Certain times of the year can prompt us to review our lives. It may be a new year, an anniversary, a significant birthday that motivates us to pause awhile and reflect on where we are, on what we’ve done with our lives and what we’d like our next steps to be.
For some this could be a pleasurable few moments of reflection. We’ve achieved much of what we aimed for, have good relationships, lovely children, a successful career, good quality of life and we can smile, feeling proud and content.
But for others this reflection can result in an, ‘is this it?’ response, followed by perhaps feeling stuck in a rut, trapped by circumstances and unsure what next steps might be available. A variety of constraints and limitations, fear of rocking the boat and the potential impact of changes may immediately stop further thoughts. Daily life often means we have too much on with work, balancing our finances, the responsibilities of children and family as well as maybe religious concerns to prompt further investigation.
Postponing any changes for several years may seem to be the only possible course of action, but dedicating time to thoroughly considering our situation may raise other possibilities, rather than simply becoming resigned to saying, ‘I’ll wait till the children are older’, or suchlike.
A new year can bring a new you who assesses life by not only acknowledging what’s happening as well as what’s not happening and then reviews ways to improve the situation. Taking ownership, exploring possible steps, how to move on, where to start can be a valuable outcome from a break or retreat.
Everyday life rarely allows enough time to devote to serious ‘meaning of life’ considerations. There’s scarcely time to breathe, let alone explore different options, decide it’s time to leave an unsatisfactory relationship, walk away from a well-paying job or move to the countryside and become self-sufficient! Any musings will frequently be interrupted because the laundry basket needs attention, it’s time to log onto the laptop or go and collect the children.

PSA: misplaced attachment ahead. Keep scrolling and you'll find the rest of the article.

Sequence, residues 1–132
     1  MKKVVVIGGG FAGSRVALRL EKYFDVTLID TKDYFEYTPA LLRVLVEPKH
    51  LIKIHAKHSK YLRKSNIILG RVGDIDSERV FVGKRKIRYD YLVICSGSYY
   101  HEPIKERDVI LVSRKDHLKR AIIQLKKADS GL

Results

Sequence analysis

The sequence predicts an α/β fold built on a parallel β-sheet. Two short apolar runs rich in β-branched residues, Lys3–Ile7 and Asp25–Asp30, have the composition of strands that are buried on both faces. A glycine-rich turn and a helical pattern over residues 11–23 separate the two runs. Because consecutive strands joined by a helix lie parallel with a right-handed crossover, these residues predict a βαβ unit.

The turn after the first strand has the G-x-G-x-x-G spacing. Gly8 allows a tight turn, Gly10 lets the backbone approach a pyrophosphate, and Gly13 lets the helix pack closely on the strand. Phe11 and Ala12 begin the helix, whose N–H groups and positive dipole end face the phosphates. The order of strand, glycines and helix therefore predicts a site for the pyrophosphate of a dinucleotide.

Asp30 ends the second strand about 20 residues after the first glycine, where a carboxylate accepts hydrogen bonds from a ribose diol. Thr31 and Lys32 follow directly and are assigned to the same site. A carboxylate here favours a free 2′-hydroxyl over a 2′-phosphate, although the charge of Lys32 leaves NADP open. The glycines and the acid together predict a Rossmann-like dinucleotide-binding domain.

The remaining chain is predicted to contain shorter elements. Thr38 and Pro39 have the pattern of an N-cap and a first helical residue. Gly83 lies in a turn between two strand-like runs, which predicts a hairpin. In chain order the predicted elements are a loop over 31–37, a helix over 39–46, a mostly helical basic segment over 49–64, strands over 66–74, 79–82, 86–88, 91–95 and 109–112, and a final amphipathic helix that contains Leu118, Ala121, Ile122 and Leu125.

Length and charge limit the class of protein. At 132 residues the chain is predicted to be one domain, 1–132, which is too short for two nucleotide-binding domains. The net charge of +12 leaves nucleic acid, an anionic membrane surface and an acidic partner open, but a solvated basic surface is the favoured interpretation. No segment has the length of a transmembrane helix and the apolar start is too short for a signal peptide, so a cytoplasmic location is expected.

So creating an opportunity and booking a few days away for a weekend break or retreat can be an important commitment to yourself. Setting aside time to grieve, recover from a breakup, heal after a change in circumstances or have some space after a hectic time or period of illness provides an interlude for reflection. Are we at a crossroads, what direction should we now head in? Finding answers to these questions can be a valuable investment of a few days on a retreat.
Simply providing yourself with an opportunity for reflection on possible changes and adjustments can help to improve your perspective and doesn’t automatically necessitate major upheaval. Afterwards you may find you return to your day-to-day life with a calmer, healthier attitude, feeling settled and in a better place. A retreat can offer space for you to positively readjust your viewpoint and become more flexible and tolerant. Gaining insights helps you feel better able to introduce minor changes that make life more pleasant for everyone.
An individual retreat often gives you time to dedicate to your physical and mental health and wellbeing, to focus on specific issues and concerns, perhaps through individual sessions which address nutrition, health and wellbeing. Personalised yoga, massage, fitness classes as well as counselling, hypnotherapy and coaching are all available.
A group retreat dedicates time to discussions and workshops, exploring with others ways to handle wider-reaching concerns, like stress, post-divorce, assertiveness, as each attendee is invited to share their coping strategies. It can be a positive start to discover that other people have similar problems in their lives.
Taking that first step is often the most significant decision of all. Determining that something needs to change and finding ways to implement some or even all can be a wonderful start to a great new year and a positive new you.[ad_2]
Source by Susan Leigh